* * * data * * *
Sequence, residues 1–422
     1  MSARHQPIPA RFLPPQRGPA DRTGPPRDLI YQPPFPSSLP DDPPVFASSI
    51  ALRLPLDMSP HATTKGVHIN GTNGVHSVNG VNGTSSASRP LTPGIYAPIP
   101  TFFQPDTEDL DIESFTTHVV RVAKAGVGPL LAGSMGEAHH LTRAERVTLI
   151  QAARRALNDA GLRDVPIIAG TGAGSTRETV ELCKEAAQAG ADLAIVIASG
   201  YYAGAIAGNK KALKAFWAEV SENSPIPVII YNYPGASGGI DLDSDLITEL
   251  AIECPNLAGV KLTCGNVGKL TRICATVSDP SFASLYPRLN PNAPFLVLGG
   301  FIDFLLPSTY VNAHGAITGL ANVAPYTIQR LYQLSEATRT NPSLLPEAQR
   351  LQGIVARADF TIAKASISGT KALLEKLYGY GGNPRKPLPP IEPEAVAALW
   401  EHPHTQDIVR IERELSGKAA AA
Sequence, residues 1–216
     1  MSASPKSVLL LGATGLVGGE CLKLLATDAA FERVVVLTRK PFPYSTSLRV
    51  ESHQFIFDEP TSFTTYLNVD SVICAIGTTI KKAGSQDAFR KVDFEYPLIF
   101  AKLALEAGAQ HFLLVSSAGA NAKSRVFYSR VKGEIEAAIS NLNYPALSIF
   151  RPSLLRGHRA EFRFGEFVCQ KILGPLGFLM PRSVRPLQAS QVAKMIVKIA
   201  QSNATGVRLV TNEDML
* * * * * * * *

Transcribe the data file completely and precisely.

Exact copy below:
Sequence, residues 1–422
     1  MSARHQPIPA RFLPPQRGPA DRTGPPRDLI YQPPFPSSLP DDPPVFASSI
    51  ALRLPLDMSP HATTKGVHIN GTNGVHSVNG VNGTSSASRP LTPGIYAPIP
   101  TFFQPDTEDL DIESFTTHVV RVAKAGVGPL LAGSMGEAHH LTRAERVTLI
   151  QAARRALNDA GLRDVPIIAG TGAGSTRETV ELCKEAAQAG ADLAIVIASG
   201  YYAGAIAGNK KALKAFWAEV SENSPIPVII YNYPGASGGI DLDSDLITEL
   251  AIECPNLAGV KLTCGNVGKL TRICATVSDP SFASLYPRLN PNAPFLVLGG
   301  FIDFLLPSTY VNAHGAITGL ANVAPYTIQR LYQLSEATRT NPSLLPEAQR
   351  LQGIVARADF TIAKASISGT KALLEKLYGY GGNPRKPLPP IEPEAVAALW
   401  EHPHTQDIVR IERELSGKAA AA
Sequence, residues 1–216
     1  MSASPKSVLL LGATGLVGGE CLKLLATDAA FERVVVLTRK PFPYSTSLRV
    51  ESHQFIFDEP TSFTTYLNVD SVICAIGTTI KKAGSQDAFR KVDFEYPLIF
   101  AKLALEAGAQ HFLLVSSAGA NAKSRVFYSR VKGEIEAAIS NLNYPALSIF
   151  RPSLLRGHRA EFRFGEFVCQ KILGPLGFLM PRSVRPLQAS QVAKMIVKIA
   201  QSNATGVRLV TNEDML